Rhino Reading Room

Thursday, December 5, 2019

It’s time to venture back into the Rhino Reading Room, and this time we’re offering up a memoir by and two books about artists who have a birthday this month and who’ve released at least one album on Rhino.

The Life and Times of Little Richard: The Authorized Biography, by Charles White:

From Amazon:

“The classic authorized biography exposes the astonishing life and times of Richard Wayne Penniman. Using Richard’s own words, White chronicles a staggering career, tussles with God and The Devil, and an erratic series of comebacks. Illustrated with rare pictures and including a comprehensive discography.”

Chris Stamey, A Spy in the House of Loud: New York Songs and Stories:

From Amazon: “Popular music was in a creative upheaval in the late 1970s. As the singer-songwriter and producer Chris Stamey remembers, ‘the old guard had become bloated, cartoonish, and widely co-opted by a search for maximum corporate profits, and we wanted none of it.’ In A Spy in the House of Loud, he takes us back to the auteur explosion happening in New York clubs such as the Bowery’s CBGB as Television, Talking Heads, R.E.M., and other innovative bands were rewriting the rules. Just twenty-two years old and newly arrived from North Carolina, Stamey immersed himself in the action, playing a year with Alex Chilton before forming the dB’s and recording the albums Stands for deciBels and Repercussion, which still have an enthusiastic following.

A Spy in the House of Loud vividly captures the energy that drove the music scene as arena rock gave way to punk and other new streams of electric music. Stamey tells engrossing backstories about creating in the recording studio, describing both the inspiration and the harmonic decisions behind many of his compositions, as well as providing insights into other people’s music and the process of songwriting. Photos, mixer-channel and track assignment notes, and other inside-the-studio materials illustrate the stories. Revealing another side of the CBGB era, which has been stereotyped as punk rock, safety pins, and provocation, A Spy in the House of Loud portrays a southern artist’s coming-of-age in New York’s frontier abandon as he searches for new ways to break the rules and make some noise.”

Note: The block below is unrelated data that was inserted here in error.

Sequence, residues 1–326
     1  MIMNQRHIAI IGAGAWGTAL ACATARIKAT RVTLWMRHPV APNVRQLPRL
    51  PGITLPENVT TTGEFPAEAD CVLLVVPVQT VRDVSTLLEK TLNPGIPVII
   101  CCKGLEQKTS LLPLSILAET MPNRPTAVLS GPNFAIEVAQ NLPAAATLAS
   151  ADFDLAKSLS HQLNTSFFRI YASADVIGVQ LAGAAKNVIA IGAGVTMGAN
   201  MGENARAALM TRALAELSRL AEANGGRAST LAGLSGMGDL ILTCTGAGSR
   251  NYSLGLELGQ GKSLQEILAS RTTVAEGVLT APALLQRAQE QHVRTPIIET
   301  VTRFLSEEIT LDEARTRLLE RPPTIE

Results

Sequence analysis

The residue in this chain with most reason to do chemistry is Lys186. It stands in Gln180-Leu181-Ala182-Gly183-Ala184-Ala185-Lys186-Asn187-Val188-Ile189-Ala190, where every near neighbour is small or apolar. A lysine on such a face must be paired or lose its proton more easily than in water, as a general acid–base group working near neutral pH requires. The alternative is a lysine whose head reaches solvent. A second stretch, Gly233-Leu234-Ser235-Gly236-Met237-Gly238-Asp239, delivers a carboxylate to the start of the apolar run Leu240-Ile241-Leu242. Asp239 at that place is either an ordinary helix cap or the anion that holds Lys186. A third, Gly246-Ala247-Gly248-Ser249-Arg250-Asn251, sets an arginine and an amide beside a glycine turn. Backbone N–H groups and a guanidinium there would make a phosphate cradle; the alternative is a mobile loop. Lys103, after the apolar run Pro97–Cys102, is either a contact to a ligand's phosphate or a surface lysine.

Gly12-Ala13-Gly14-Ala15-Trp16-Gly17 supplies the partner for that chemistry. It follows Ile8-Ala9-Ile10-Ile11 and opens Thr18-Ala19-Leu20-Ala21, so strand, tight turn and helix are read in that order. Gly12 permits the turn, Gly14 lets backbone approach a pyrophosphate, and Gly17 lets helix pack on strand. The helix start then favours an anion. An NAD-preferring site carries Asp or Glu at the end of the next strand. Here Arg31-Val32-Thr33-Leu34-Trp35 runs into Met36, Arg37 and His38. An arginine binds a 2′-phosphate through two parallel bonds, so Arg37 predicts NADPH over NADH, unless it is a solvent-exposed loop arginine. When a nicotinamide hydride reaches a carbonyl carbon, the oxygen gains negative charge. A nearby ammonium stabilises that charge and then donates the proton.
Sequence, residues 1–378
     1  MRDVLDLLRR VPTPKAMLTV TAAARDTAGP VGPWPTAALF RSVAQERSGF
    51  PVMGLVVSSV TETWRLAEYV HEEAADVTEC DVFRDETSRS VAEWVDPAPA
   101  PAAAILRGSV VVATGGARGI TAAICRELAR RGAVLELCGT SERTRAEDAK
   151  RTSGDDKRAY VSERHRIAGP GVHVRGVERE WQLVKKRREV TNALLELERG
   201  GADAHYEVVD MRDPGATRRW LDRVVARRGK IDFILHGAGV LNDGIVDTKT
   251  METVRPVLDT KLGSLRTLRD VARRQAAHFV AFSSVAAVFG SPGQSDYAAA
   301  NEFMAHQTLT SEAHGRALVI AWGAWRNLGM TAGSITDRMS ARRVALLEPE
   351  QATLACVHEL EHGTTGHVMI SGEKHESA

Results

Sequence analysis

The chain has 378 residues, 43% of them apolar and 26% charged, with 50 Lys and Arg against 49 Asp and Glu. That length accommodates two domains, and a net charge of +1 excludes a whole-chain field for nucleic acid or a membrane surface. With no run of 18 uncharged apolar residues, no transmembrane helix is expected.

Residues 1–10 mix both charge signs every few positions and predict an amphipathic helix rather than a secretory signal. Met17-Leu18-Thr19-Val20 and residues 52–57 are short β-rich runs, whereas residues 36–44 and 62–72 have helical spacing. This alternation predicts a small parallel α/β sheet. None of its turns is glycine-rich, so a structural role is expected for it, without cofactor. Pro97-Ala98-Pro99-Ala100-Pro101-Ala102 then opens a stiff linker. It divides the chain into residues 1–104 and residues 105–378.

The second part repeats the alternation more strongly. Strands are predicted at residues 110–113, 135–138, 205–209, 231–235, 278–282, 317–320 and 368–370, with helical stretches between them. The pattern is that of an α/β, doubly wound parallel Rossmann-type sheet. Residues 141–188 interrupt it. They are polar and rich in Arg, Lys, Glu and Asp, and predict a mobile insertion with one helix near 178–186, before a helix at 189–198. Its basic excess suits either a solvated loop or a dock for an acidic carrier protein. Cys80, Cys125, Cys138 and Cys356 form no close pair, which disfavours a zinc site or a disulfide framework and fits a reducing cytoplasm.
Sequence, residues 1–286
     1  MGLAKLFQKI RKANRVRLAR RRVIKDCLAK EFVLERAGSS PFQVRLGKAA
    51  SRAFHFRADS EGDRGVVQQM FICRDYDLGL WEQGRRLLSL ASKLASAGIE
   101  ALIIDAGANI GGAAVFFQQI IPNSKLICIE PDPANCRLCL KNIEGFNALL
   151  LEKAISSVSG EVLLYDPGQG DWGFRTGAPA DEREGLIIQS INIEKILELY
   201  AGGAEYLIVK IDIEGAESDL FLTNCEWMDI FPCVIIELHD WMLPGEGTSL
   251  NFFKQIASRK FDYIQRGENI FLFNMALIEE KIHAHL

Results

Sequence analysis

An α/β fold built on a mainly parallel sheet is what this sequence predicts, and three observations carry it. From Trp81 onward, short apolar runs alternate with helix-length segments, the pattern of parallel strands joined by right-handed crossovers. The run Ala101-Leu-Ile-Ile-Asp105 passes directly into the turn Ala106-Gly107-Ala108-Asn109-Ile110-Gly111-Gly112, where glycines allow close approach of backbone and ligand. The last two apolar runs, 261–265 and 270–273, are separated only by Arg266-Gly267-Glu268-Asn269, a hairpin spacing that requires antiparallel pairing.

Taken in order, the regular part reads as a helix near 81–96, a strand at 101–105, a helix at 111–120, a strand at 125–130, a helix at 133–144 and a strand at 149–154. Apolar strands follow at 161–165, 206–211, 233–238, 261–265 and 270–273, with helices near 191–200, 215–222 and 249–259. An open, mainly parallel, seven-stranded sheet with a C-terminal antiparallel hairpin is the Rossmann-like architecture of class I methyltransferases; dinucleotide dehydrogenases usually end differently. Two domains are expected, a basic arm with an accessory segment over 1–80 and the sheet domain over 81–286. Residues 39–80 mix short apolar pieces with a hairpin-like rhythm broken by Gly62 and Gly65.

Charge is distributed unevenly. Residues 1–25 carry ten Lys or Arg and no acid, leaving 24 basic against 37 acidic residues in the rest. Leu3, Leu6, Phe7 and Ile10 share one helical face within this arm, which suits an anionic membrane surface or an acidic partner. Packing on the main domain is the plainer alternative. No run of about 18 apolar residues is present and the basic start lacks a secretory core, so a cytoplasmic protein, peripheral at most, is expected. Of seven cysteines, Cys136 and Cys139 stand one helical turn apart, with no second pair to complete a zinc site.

Harry Chapin: The Music Behind the Man, by Michael Francis Taylor:

From Amazon:

“Harry Chapin never reached sixty-five years-old. In fact, he never even reached forty. But in the all-too-brief time he was allowed, he achieved a great deal and left such an indelible mark that now, almost four decades on since his tragic death, it seems only fitting we should re-evaluate and celebrate the life and career of a man who devoted all of his time and energy to help eradicate what for him was the ‘ultimate obscenity’- world hunger. But there was also another side to Harry Chapin. First and foremost, he was an incredibly gifted singer-songwriter, who, in a successful career lasting a little over ten years, carved for himself a place in music history that, even to this day, is hard to define. Few artists of his generation came close to his intimate style of writing thought-provoking, soul-searching and heart-breaking story-songs, such as Cat's in the Cradle and Taxi, now well embedded in American lore. This book delves into the fascinating life of this truly great man, focusing mainly on his music, but also celebrating his tireless campaigning for that better world. It is a life that began with no direction or great ambition, but which, in due course, made him realize that of all the roads he could have taken, his destiny had already been defined, and, for Harry Chapin, there had always only been one choice.”